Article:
In 1023 Avicenna stayed in Hamadan and cured another emir from gastric disease. As a reward, Avicenna was appointed a vizier in the rank of advising minister. The new vizier worked hard and developed a number of projects to manage the country and even a reform of armed forces. But the Ministry of Defence had its own views on this matter and military generals asked the emir to execute Avicenna. The pressure from military officials was so great that the emir was forced to expel the reformer from the country. Forty days after Avicenna’s deportation, the emir suffered another attack, and the physician was returned back with honour. However, Avicenna didn’t want to stay at the court and tried to leave. But the ruler was changed and military officials imprisoned Avicenna for four months. The physician was treated with extreme caution as everyone could fall ill. This fact enabled him to escape.


While wandering, Avicenna still made his research and practiced medicine. Sometimes Avicenna healed his patients in the open air from his saddle. Finally, the scientist came to the heart of Persia – the city of Isfahan, the largest city of that time. This bright and noisy city with a population of a hundred-thousand people became the place where Avicenna completed the fifth volume of his Canon of Medicine, a work that took ten years. This unique work collected all the medical knowledge accumulated by that time. The Canon covers anatomy, physiology, surgery, acute, chronic and even hereditary diseases. It describes 800 simple medicines and even complex ones: some of them contain up to 37 components. Almost on every page the Canon offers new information, previously unknown to medical science. In gratitude for such a thorough work, naturalist Carl Linnaeus called a whole family of tropical plants as Avicennia.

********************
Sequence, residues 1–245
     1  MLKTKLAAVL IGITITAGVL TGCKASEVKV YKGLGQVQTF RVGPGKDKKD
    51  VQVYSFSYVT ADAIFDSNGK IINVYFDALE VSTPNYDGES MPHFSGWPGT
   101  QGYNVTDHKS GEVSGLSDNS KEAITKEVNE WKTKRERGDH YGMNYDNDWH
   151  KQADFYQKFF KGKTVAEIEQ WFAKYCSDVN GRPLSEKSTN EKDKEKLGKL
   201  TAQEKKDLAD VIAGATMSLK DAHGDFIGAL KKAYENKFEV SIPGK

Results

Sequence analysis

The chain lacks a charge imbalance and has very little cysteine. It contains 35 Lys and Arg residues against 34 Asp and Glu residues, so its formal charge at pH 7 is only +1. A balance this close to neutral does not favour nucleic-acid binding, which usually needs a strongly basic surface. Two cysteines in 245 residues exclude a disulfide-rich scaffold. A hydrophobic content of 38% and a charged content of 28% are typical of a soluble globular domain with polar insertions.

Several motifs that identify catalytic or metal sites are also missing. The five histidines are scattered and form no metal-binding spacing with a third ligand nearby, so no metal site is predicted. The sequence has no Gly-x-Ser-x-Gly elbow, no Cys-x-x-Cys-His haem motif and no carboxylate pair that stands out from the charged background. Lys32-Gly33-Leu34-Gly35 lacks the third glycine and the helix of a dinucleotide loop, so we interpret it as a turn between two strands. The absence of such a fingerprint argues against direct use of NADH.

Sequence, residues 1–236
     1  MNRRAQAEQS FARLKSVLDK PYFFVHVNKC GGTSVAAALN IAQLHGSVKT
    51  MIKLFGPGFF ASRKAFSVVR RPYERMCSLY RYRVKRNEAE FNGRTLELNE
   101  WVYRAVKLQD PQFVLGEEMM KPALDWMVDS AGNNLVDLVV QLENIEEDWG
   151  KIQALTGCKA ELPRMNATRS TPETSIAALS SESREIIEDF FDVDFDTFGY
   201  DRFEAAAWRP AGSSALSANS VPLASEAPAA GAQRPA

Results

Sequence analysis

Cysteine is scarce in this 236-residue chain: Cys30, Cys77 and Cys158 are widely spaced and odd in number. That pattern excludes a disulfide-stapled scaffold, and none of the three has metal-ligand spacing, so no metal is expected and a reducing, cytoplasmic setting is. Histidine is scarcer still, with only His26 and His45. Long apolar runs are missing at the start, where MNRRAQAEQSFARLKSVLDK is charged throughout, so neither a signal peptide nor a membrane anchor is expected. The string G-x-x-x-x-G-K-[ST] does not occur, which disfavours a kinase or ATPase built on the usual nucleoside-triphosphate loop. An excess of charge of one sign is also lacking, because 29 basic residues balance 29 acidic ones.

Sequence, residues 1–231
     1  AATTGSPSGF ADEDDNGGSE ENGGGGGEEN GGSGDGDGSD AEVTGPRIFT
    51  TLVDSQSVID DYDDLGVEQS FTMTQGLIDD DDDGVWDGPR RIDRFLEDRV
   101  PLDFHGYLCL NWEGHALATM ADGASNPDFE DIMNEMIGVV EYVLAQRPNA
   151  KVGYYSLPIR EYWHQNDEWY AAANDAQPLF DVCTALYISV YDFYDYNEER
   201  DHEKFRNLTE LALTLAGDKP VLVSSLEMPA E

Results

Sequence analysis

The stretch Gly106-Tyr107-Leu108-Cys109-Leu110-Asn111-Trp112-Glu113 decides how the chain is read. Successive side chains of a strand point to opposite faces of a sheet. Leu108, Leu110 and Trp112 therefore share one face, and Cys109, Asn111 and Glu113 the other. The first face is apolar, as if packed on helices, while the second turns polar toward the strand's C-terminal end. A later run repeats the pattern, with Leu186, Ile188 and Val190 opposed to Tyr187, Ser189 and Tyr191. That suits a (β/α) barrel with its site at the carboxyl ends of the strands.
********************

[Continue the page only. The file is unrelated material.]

Avicenna was the first scientist who described plague, cholera, jaundice, distinguished smallpox from measles, described diabetes, named symptoms and treatment for such diseases as meningitis and stomach ulcers and many others. The scientist believed that “febrile states” are caused by invisible carriers of disease. Louis Pasteur confirmed this theory more than 800 years later. Avicenna had a lot of similar hypotheses. It was Avicenna who first explained how the eye worked. Earlier people believed that the human eye emitted special rays like a flashlight. Being reflected from objects, these rays returned back and give images. This is not so much medicine as physics of course.
Even a simple enumeration of what he did is amazing. There are more than 450 works covering 29 areas, of which 274 have survived. Moreover, Avicenna composed poems and wrote many philosophical works. Unlike many other people, Avicenna understood God in his own way. Allah is the all-knowing father, who created this world. This is his main mission. Avicenna believed that God supervised only such issues as creation of the universe and maintenance of the general order. In his opinion, it is wrong to believe that God keeps watch over the daily bustle of people and participates in their affairs.

Meanwhile, Massoud Gaznevi, the successor of Sultan Mahmud, together with his huge army broke into Isfahan in 1030. Violence, fires and outrages came about with a bang. Avicenna also was faced with difficult times: his house was destroyed, many of his manuscripts and works disappeared without a trace. “The Book of Justice” consisting of 20 parts was irrevocably lost. Who knows, maybe this book unveiled the deepest thoughts of our genius.

Avicenna died at the age of 57 during a military campaign in 1037, accompanying the emir. When Avicenna realised that his body was exhausted, he advised physicians, “Do not waste medicines. It’s in vain. I’m not suitable for treatment”. Before his death, the genius donated his property to the poor and rewarded and dismissed his servants. Avicenna was buried in Hamadan, where his tomb is located now. His mausoleum was rebuilt in 1954, when the World Peace Council celebrated the millennium anniversary of the scientist. In general, little is known about Avicenna and his personal life. You may ask, “What about women?” There are only beautiful poems glorifying their beauty. There are no names, no specific references. But in his edification for descendants he said, “We die in full consciousness and take only one thing: the understanding of the fact that we have learned nothing.”

text by Adam Kapanov

image AVICENNA, Fathy Zin